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10% *more* democracy?

Summary:
John G. Matsusaka, in his new Princeton University Press book Let the People Rule: How Direct Democracy Can Meet the Populist Challenge, calls for the introduction of referenda at the national level in the United States.  For instance he favors advisory referendums called by Congress, advisory referendums called by petition, advisory referendums required for specific issues, binding referendums for required issues, or called by petition, and constitutional amendments, proposed by petition (but not settled by a referendum itself).  The United States in fact have never had a national referendum. But do referenda defuse populist sentiment, or stoke it?  Why is it that populism might be bad but referenda good?  Don’t referenda give in to populism in some manner?  Whether or not you favored

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John G. Matsusaka, in his new Princeton University Press book Let the People Rule: How Direct Democracy Can Meet the Populist Challenge, calls for the introduction of referenda at the national level in the United States.  For instance he favors advisory referendums called by Congress, advisory referendums called by petition, advisory referendums required for specific issues, binding referendums for required issues, or called by petition, and constitutional amendments, proposed by petition (but not settled by a referendum itself).  The United States in fact have never had a national referendum.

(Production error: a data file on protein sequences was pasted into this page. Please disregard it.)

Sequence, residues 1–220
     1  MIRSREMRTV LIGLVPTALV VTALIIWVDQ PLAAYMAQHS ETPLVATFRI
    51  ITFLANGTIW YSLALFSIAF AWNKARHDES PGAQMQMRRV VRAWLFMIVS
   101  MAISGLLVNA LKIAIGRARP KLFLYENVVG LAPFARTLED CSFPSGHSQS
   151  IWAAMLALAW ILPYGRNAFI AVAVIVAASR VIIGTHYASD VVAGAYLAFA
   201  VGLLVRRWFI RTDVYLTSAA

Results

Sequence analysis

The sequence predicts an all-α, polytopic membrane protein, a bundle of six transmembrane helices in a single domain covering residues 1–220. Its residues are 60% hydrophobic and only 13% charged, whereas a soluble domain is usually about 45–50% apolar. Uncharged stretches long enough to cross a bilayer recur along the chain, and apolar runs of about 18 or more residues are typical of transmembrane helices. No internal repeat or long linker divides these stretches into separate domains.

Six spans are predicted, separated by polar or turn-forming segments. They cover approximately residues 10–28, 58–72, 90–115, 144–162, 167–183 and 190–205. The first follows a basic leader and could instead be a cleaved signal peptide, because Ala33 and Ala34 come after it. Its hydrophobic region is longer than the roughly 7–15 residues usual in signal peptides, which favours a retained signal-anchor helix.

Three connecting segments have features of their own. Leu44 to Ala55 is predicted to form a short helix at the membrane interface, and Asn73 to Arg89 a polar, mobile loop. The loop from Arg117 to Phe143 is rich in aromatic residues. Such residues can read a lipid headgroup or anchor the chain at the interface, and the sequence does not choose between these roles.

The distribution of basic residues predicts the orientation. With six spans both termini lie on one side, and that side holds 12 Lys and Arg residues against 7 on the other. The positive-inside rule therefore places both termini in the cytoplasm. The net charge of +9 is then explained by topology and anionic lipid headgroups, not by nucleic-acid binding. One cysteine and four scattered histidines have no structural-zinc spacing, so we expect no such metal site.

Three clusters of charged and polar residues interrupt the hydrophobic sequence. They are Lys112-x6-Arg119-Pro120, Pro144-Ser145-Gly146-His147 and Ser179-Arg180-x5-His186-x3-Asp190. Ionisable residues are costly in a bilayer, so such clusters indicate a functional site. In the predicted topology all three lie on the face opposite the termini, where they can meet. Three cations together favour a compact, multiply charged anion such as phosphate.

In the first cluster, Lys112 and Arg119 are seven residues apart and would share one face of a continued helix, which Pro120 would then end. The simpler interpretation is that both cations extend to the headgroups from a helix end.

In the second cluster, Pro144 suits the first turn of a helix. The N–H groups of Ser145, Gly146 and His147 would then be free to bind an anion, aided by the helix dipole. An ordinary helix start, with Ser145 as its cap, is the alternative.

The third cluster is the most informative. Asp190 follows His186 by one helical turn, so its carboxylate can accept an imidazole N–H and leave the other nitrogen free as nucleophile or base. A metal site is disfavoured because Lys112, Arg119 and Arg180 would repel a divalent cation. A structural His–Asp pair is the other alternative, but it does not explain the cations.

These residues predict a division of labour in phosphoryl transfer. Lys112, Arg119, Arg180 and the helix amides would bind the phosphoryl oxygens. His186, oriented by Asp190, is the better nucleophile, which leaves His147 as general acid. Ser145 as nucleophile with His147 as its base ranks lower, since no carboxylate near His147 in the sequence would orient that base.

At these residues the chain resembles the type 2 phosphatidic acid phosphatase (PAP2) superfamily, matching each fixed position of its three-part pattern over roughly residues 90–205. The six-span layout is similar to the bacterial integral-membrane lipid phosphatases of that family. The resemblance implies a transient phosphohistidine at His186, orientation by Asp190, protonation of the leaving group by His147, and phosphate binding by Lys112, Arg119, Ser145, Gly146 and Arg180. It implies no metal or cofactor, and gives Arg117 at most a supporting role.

But do referenda defuse populist sentiment, or stoke it?  Why is it that populism might be bad but referenda good?  Don’t referenda give in to populism in some manner?  Whether or not you favored Brexit as an outcome, was the process so smooth and wonderful?  How much better could it have been? (the author does discuss this).  Won’t money matter in politics more, and in the bad sense?  Exactly which policy area would see superior concrete results through the use of national referenda?  Won’t it mean we get madder at each other?

Switzerland aside, I am not convinced by the call for more referenda, but I am happy to see such fundamental questions raised anew.

The author lives in California.

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Tyler Cowen
Tyler Cowen is an American economist, academic, and writer. He occupies the Holbert C. Harris Chair of economics as a professor at George Mason University and is co-author, with Alex Tabarrok, of the popular economics blog Marginal Revolution. Cowen and Tabarrok have also ventured into online education by starting Marginal Revolution University. He currently writes the "Economic Scene" column for the New York Times, and he also writes for such publications as The New Republic, the Wall Street Journal, Forbes, Newsweek, and the Wilson Quarterly.

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